Country Casanova

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Country Casanova
Country Casanova.jpg
Studio album by
ReleasedMay 1973
GenreCountry rock, Western swing, Americana, rock and roll
LabelParamount Records (original)
MCA (reissue)
ProducerStephan Jarvis
Commander Cody and His Lost Planet Airmen chronology
Hot Licks, Cold Steel & Truckers' Favorites
Country Casanova
Live from Deep in the Heart of Texas
Professional ratings
Review scores
Allmusic3/5 stars[1]
Christgau's Record GuideB–[2]

Country Casanova is the third album by the band Commander Cody and His Lost Planet Airmen. It was released in 1973 on Paramount Records.

The album was originally available on LP and 8-track, and later cassette. In 1991, it was released on CD.

Country Casanova is highlighted by the band's classic cover version of "Smoke! Smoke! Smoke! (That Cigarette)." Their cover version of "Everybody's Doin' It" reportedly got them banned from some country music stations because it includes the word "fuckin'" repeated several times, band leader George Frayne claimed in the liner notes of Too Much Fun: The Best of Commander Cody and His Lost Planet Airmen. The original song was a 1937 Western Swing recording by the Modern Mountaineers, a Texas band. It, too included "fuckin'" in the lyric, a trick pulled by pianist-vocalist Smokey Wood. Cody copied the original arrangement at a slightly faster tempo and removed the original's reference to "darkies."

Album cover[edit]

The album cover shows George Frayne, a.k.a. "The Commander", leaning against a White 1962 or 1963 Lincoln Continental (suicide doors) The car is backed up to a fence, and there is a donkey off to the left of the car. According to The Commander, the Donkey's name was also George. The Lincoln belonged to the famous Rock & Roll photographer Jim Marshall, who was the photographer who took the picture for the album cover.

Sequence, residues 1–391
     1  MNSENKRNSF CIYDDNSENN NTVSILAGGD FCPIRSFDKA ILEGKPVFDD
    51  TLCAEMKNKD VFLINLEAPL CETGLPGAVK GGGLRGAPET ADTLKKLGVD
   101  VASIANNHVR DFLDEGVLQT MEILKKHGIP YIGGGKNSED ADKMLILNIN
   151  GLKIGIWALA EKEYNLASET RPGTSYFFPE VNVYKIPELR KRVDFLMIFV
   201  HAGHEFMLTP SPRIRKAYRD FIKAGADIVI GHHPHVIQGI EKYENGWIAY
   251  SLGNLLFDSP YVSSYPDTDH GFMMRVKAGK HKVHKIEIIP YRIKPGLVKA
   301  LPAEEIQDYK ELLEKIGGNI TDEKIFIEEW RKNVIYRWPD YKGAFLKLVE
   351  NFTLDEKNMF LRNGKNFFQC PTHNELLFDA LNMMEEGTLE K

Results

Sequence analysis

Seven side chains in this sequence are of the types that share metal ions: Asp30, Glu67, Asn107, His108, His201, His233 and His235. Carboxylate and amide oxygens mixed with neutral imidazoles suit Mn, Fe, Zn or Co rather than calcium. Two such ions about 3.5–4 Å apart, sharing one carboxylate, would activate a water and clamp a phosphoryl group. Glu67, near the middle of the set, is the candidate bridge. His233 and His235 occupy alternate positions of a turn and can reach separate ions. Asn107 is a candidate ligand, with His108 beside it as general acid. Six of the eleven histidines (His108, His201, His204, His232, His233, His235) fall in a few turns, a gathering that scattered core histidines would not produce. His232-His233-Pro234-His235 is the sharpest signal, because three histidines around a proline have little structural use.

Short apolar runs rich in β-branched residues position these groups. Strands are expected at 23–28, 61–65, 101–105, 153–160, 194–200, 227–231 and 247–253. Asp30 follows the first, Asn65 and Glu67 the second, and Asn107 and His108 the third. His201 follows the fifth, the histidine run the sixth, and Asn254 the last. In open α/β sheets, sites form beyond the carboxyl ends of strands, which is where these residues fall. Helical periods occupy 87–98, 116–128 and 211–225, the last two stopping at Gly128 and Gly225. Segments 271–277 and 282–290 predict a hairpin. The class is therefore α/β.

Back cover[edit]

The back cover of the album features the band standing in front of their tour bus, which was a 1950s Greyhound Scenicruiser (double decker) in its past life. The bus is pulled off to the side of a road...somewhere...and to the right of the bus, in the background, you can see what looks like a blue and white Ford pickup truck cruising down the road. If you notice, Commander Cody can be seen holding a drink of some sort in this picture. Band members are displayed left to right, front to rear, as noted: Andy Stein (fiddle, saxophone) Billy C. Farlow (Lead Vocal) (both sitting on an instrument case) behind them, standing, left to right, we have Bill Kirchen (Lead guitar and banjo, lead vocal on "My Window Faces The South" and "Honeysuckle Honey") (On original the LP release, as well as the MCA CD issue of this album Kirchen's name is spelled "Kircher", which is incorrect.) Lance Dickerson (Drums) Bruce Barlow: (Fender and Stand-up Bass) John Tichy: (Rhythm Guitar and Lead Vocal on "Shall We Meet" and "Sister Sue") Bobby Black: (Pedal Steel guitar and Dobro) Commander Cody: (Piano and Lead Vocal on "Smoke! Smoke! Smoke! That Cigarette").

Track listing[edit]

  1. "Country Casanova"* (Billy Farlow, Michael J. Richards) – 2:38
  2. "Shall We Meet (Beyond the River)"* (Billy Farlow, John Tichy, Andy Stein) – 4:21
  3. "My Window Faces The South" (Jerry Livingston, Mitchell Parish, Abner Silver) – 1:54
  4. "One Man's Meat (Is Another Man's Poison)"* (John Tichy, Bruce Barlow, George Frayne, Billy C. Farlow) – 2:46
  5. "Everybody's Doin' It" (George Frayne, Bruce Barlow, Andy Stein, Billy C. Farlow, Bill Kirchen, Lance Dickerson, John Tichy, Bobby Black) – 2:05
  6. "Rock That Boogie" (George Frayne, Bruce Farlow) – 2:48
  7. "Rave On!" (Norman Petty, Bill Tilghman, Sonny West) – 2:12
  8. "Smoke! Smoke! Smoke! (That Cigarette)" (Merle Travis, Tex Williams) – 3:41
  9. "Sister Sue" (John Tichy, Bruce Barlow, Andy Stein, Billy C. Farlow) – 2:41
  10. "Honeysuckle Honey"* (Michael J. Richards)– 2:30

*Indicates songs that the band never performed live.




  1. ^ Tamarkin, Jeff. Country Casanova at Allmusic
  2. ^ Christgau, Robert (1981). "Consumer Guide '70s: C". Christgau's Record Guide: Rock Albums of the Seventies. Ticknor & Fields. ISBN 089919026X. Retrieved February 23, 2019 – via